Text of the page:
Paws for Hope Animal Foundation, based out of Maple Ridge, has received a $65,000 provincial gaming grant.
The money was given to the provincial organization for four of its core programs: $40,000 will be going to the Better Together Program that provides veterinary funding assistance to low income pet owners; $10,000 will be going to the No Pet Left Behind Program that provides temporary foster care for pets whose owners are experiencing a crisis, $8,000 is earmarked for the Pets Are Not Products Campaign; and $7,000 to the organization’s spay and neuter program.
Currently the organization is working with two communities – one on the northern tip of Vancouver Island and the other in northern B.C. – to help with the spay and neutering of free roaming cats.
Kathy Powelson, executive director of Paws for Hope, said the funding was much needed. They had to cancel a fundraising event in May last year in addition to a conference because of the COVID-19 pandemic. The charity relies almost solely on donations.
And, with more people were experiencing financial hardship as a result of the pandemic, the number of donations has dropped.
However, she noted, the need for the services increased.
“So it’s certainly been a struggle,” said Powelson.
“We have definitely ramped up our services,” she added, especially the Better Together and the No Pet Left Behind Programs.
“We’ve helped a couple of people with COVID who’ve been hospitalized, for example, and they didn’t have a place for their pet to go,” explained Powelson.
For others they were able to find pet friendly housing and temporary foster care for their pets.
“Then reunite them when their family is back on their feet.”
The gaming grant is part of $4.8 million given out specifically to environmental organizations between 2020 and 2021 that create opportunities for people to learn about, connect with and protect nature.
According to the organization’s website, they have been in operation since 2011 and have three key motives: to prevent unnecessary harm to animals through education, advocacy, outreach and support; to help people who are struggling to access veterinary care for their pets in order to reduce undue suffering; and to build partnerships in the community that promote best practices, professionalism, and accountability throughout B.C.’s animal welfare sector.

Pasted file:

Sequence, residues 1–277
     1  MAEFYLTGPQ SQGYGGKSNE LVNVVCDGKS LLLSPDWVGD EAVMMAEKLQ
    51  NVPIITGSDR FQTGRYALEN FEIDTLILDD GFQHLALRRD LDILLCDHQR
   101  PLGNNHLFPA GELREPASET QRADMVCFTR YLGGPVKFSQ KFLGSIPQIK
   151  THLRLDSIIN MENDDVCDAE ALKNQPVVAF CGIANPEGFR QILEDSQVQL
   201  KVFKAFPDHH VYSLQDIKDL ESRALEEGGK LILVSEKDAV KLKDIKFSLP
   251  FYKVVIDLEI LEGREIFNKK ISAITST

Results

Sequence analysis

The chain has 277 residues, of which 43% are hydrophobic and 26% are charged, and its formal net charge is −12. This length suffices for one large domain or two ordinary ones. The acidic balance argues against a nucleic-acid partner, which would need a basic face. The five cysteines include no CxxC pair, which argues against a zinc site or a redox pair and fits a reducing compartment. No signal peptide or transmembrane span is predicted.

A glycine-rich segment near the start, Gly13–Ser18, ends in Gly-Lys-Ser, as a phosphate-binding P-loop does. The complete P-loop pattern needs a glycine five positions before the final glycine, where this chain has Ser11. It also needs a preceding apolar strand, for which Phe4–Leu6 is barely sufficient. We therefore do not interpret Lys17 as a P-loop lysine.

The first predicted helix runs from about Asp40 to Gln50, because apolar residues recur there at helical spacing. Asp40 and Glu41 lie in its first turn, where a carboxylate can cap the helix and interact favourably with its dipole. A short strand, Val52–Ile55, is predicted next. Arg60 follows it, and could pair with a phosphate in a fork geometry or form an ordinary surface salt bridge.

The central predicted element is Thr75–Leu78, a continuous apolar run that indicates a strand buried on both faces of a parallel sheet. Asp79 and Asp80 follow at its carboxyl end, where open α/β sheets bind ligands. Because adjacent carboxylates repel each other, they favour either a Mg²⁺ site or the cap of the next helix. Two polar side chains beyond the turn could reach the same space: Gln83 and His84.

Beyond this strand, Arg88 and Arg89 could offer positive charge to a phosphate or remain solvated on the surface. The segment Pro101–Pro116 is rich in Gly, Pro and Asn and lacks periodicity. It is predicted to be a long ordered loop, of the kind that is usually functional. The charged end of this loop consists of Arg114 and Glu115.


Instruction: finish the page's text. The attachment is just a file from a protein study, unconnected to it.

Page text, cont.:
Paws for Hope is one of 138 environmental groups receiving a grant.
Another $6.3 million from B.C.’s Community Gaming Grants was giving to 132 not-for-profit organizations that provide emergency and lifesaving services including search and rescue, disaster relief and emergency preparedness resources.
In total $11 million was given out.
“Our government is committed to supporting local organizations involved in a wide variety of activities that contribute to building vibrant, healthy communities,” said Josie Osborne, Minister of Municipal Affairs.
“This funding ensures community organizations can continue to provide programming to enhance public safety through emergency programs like search and rescue, and to steward and preserve our ecosystems for generations to come,” she added.
Powelson is concerned about what the next 12 months is going to look like if people are still not working.
“Certainly for us, the values that surround the work that we do is intended to keep pets with their families and supporting them in the community,” said Powelson, especially now when the atmosphere is so stressful.
She is hoping to be able to continue to keep pets with their families instead of being surrendered.
Community Gaming Grants provide approximately $140 million each year to support nearly 5,000 not-for-profit organizations that deliver services to people throughout British Columbia.